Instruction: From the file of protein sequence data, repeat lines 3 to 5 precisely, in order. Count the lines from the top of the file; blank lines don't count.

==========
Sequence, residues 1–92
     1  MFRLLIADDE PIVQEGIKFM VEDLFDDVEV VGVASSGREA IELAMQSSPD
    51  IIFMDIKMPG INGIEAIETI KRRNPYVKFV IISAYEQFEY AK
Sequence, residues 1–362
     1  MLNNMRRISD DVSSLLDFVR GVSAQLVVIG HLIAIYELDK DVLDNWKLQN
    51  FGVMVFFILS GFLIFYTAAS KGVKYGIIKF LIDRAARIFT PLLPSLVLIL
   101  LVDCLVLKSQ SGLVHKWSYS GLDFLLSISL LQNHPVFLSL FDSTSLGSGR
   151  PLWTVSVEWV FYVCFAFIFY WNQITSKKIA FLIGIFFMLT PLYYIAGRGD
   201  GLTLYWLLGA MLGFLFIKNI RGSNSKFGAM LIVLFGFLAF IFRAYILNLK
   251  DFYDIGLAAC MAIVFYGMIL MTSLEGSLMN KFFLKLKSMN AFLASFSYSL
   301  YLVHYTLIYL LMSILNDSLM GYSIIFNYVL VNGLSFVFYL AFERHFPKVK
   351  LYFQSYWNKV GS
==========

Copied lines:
    51  IIFMDIKMPG INGIEAIETI KRRNPYVKFV IISAYEQFEY AK
Sequence, residues 1–362
     1  MLNNMRRISD DVSSLLDFVR GVSAQLVVIG HLIAIYELDK DVLDNWKLQN